Anybody Else Here Alive ?
It was so Dark
Scared and Breathing Hard
“Anybody else here alive?” Matt called out. He had woken up with a jerk. He was scared and breathing hard. It was so dark he did not know if his eyes were open or closed. The pounding in his head was making his ears roar. He reached up to touch his head and felt sticky, matted hair. It was October 14, 1953.
“I’m here,” a nearby voice called back. “You are not alone. Breathe slowly and remain calm. You will be alright, just a small cut on your head. You lost your helmet when you fell and your head hit a rock. I’ll tear some strips from your undershirt and bandage the wound. And you twisted your ankle, it is swollen and sprained. I will wrap that the best I can.”
Matt heard and felt his undershirt ripping, then felt strips wrapping around his head. “There. I’ll tie this on the other side so the knot won’t irritate the cut.” Then the man wrapped Matt's ankle with more strips.
“Thank you …,” Matt reached out to take the man’s hand, but could not see where he was. “I don’t know your name. I’m Matt Rees.”
“Ollie,” the man answered. “Ollie Morgan. Been coal mining for so long this is like my home down here. You’re pretty young, been down before?”
“Once before,” Matt paused a few seconds. “Looks like this may be my last time if I die here. Anybody else here alive?”
Hold on Matt
“Now, hold on. You ain’t gonna die. I’ll see that you get out safely. Rescue workers have already got several men out just on the other side of that rock and rubble wall there. They will be breaking through soon. But, you ain’t safe here. That other beam above us is creaking and will give way any minute. I’m going to help you up on your feet and guide you to a safe place close to where the workers will break through.”
Matt feared that everyone else had been killed. He asked again, “Anybody else here alive?”
“There is no one else here. You were further along than the others in the tunnel and got separated from them when all that rubble came down. Come on, let’s go!”
Matt felt strong arms pull him up gently. He almost passed out again but held steady with Ollie’s help. “I can’t see!”
“That’s okay. I’m used to the dark. I can see enough to get you up there to safety.” Ollie put one arm around Matt’s waist. “Put your arm over my shoulders, Matt.”
Together they stumbled their way to safety. They got away just as the beam behind them fell and more rocks crashed down. Matt began shaking from fear. Ollie sat him down and leaned him back against the wall. “You hold on, Matt. They will be here soon.”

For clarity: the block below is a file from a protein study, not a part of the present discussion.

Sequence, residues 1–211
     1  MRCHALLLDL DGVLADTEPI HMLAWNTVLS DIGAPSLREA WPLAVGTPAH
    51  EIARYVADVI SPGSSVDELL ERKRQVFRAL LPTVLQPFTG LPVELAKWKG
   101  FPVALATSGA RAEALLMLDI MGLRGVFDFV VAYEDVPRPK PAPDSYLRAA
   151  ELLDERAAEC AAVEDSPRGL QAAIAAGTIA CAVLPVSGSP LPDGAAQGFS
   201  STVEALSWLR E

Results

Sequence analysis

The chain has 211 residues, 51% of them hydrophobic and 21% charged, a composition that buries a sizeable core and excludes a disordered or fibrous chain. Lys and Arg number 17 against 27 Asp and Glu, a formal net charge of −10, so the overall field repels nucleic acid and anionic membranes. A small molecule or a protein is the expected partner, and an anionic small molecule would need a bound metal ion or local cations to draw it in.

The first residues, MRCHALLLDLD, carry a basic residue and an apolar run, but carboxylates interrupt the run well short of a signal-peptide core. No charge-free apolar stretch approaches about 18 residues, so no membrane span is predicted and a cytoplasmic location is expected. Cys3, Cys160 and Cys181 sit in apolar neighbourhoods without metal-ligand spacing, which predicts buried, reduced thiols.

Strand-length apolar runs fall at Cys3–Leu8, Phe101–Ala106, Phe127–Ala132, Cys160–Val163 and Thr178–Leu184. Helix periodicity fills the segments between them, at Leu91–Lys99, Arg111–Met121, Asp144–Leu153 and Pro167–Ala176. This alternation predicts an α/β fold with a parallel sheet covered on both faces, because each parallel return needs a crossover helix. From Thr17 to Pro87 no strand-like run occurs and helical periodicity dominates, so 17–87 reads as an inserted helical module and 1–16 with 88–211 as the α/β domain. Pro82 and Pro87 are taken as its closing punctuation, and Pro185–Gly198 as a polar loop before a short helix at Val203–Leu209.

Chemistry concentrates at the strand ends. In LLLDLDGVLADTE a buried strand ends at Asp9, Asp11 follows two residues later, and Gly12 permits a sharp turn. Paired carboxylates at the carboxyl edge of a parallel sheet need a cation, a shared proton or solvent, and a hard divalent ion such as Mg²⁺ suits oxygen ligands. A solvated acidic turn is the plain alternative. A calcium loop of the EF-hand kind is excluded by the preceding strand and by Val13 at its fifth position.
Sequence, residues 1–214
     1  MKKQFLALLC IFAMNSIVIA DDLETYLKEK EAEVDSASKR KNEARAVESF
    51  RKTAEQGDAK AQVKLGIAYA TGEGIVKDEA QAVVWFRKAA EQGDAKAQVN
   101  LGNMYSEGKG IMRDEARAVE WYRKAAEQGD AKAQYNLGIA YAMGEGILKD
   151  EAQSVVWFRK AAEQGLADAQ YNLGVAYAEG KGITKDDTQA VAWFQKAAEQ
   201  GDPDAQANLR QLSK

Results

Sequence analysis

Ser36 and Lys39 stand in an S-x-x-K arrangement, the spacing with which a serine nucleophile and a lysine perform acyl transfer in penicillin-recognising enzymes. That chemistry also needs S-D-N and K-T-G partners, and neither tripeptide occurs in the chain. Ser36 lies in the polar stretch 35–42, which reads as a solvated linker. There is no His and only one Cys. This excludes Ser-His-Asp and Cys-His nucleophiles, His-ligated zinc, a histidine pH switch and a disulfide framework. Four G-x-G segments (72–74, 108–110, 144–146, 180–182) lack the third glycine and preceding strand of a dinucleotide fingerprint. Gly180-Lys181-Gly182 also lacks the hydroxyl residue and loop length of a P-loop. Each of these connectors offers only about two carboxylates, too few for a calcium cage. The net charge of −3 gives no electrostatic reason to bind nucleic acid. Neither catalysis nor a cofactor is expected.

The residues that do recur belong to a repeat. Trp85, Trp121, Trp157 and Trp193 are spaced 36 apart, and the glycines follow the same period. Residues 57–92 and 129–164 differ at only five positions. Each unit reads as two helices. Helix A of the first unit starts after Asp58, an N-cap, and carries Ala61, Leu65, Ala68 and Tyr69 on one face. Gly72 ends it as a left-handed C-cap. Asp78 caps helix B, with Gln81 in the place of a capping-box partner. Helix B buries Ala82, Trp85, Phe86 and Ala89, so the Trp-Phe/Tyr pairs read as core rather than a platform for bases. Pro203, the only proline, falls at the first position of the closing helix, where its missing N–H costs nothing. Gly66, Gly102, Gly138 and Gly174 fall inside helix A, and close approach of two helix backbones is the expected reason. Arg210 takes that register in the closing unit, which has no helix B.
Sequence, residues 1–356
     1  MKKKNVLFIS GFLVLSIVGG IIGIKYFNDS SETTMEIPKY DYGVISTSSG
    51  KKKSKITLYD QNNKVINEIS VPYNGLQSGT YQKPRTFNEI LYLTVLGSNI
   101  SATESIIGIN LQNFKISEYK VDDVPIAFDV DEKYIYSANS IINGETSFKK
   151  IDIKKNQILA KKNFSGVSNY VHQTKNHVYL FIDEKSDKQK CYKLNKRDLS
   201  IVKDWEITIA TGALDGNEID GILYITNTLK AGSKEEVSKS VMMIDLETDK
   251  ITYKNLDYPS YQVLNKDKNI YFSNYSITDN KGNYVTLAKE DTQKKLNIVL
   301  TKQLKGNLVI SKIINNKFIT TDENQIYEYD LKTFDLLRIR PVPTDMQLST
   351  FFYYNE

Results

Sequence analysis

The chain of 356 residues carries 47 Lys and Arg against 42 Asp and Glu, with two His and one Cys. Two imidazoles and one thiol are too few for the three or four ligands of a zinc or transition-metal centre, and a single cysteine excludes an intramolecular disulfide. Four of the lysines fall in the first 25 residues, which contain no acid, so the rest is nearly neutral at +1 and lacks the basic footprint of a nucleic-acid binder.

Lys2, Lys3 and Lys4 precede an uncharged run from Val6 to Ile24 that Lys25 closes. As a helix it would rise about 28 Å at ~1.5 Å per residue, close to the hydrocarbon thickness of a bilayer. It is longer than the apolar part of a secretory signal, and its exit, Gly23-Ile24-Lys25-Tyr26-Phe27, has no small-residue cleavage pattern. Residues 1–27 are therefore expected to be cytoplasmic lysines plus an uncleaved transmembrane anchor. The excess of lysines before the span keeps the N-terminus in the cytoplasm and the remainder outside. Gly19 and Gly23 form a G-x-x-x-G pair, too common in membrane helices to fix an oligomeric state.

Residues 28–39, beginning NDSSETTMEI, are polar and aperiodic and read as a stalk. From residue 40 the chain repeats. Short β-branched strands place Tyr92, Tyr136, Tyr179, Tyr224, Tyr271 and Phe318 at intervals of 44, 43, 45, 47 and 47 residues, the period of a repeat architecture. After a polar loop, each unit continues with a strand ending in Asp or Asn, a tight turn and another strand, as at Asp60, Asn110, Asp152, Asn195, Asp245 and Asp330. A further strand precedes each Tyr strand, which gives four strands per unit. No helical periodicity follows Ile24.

Matt passed out several times over the next few hours. Each time he came to, Ollie was there with water for Matt to sip. Once, Matt began panicking. “We’re gonna die! We’re gonna die! It’s getting colder!” Ollie held him tight till Matt calmed down.
From somewhere bright light beams were searching the area. The rescue workers had broken through. Matt covered his eyes when a light beam shown on him. His head was hurting bad. “We found him,” a worker yelled. Within minutes Matt lay on a stretcher and was being carried out of the tunnel. He opened his eyes to see if Ollie was following. He saw Ollie’s face back in the tunnel just before another cave-in crashed down and Ollie was gone. He screamed out Ollie’s name several times before he passed out again.
“Did you say, Ollie Morgan saved your life, son? Ol’ Ollie has saved the lives of many young men in disasters like this.”
Matt, with tears streaming down his blackened face, looked up at the foreman. “And now he’s gone after saving me! How many disasters has Ollie been in?”
“Only one, son. Ollie Morgan died forty years ago in the 1913 Senghenydd coal mine explosion and fire in South Wales.”
Matt Yells for Ollie
Both Matt and Ollie are fictional characters.
Mining has always been especially dangerous, because of explosions, roof cave-ins, and the difficulty of underground rescue. The worst single disaster in British coal mining history was at Senghenydd in the South Wales coalfield. On the morning of 14 October 1913 an explosion and subsequent fire killed 436 men and boys. Only 72 bodies were recovered.
© 2019 Phyllis Doyle Burns